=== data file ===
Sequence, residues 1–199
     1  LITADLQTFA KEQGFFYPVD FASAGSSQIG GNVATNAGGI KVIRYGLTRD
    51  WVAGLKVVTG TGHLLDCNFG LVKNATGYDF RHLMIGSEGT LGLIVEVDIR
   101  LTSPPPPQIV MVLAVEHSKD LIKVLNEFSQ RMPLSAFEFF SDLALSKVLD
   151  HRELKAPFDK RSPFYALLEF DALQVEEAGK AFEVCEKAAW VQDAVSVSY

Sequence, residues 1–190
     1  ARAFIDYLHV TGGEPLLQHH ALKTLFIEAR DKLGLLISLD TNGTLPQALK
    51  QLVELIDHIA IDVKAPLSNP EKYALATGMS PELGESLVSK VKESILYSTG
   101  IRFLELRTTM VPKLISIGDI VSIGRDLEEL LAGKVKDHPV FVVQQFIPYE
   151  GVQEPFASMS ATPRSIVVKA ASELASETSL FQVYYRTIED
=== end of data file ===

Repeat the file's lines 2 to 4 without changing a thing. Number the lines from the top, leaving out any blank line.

     1  LITADLQTFA KEQGFFYPVD FASAGSSQIG GNVATNAGGI KVIRYGLTRD
    51  WVAGLKVVTG TGHLLDCNFG LVKNATGYDF RHLMIGSEGT LGLIVEVDIR
   101  LTSPPPPQIV MVLAVEHSKD LIKVLNEFSQ RMPLSAFEFF SDLALSKVLD